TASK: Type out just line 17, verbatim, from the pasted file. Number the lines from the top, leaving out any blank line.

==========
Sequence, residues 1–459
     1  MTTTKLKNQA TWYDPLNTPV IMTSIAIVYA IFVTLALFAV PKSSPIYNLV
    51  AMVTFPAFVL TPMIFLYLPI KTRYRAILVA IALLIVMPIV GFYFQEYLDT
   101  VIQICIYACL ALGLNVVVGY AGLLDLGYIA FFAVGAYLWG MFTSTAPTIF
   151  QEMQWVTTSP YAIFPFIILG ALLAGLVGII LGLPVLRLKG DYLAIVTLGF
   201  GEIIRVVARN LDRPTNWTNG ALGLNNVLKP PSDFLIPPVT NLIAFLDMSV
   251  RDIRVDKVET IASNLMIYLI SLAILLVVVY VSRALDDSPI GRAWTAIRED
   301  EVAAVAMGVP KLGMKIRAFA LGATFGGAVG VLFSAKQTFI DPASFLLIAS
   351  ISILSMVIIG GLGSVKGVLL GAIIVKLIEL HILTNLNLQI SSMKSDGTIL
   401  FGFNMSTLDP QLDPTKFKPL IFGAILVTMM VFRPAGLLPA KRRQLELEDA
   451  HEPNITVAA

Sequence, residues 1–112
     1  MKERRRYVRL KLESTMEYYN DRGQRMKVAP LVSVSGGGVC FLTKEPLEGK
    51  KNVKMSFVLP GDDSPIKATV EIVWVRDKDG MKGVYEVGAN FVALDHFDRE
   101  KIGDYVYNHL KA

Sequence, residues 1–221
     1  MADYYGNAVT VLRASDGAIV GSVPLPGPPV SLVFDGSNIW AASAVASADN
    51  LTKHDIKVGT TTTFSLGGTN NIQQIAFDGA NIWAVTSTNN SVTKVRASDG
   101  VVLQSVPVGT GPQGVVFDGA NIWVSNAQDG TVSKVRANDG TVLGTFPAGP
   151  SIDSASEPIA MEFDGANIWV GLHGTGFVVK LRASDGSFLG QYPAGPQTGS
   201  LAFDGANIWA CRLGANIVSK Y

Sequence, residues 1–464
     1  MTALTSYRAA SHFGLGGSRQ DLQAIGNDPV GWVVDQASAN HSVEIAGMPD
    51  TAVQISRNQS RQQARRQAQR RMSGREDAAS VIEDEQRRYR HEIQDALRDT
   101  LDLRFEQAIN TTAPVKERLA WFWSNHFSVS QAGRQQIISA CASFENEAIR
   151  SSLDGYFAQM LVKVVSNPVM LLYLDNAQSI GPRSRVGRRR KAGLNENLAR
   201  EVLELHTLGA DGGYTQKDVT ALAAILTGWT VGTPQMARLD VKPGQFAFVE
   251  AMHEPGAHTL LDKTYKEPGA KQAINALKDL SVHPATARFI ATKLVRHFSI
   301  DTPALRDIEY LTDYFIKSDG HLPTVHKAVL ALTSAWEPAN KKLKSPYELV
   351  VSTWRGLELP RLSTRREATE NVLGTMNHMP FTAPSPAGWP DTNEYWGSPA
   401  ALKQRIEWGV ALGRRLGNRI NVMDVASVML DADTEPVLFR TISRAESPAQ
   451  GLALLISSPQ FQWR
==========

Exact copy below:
     1  MADYYGNAVT VLRASDGAIV GSVPLPGPPV SLVFDGSNIW AASAVASADN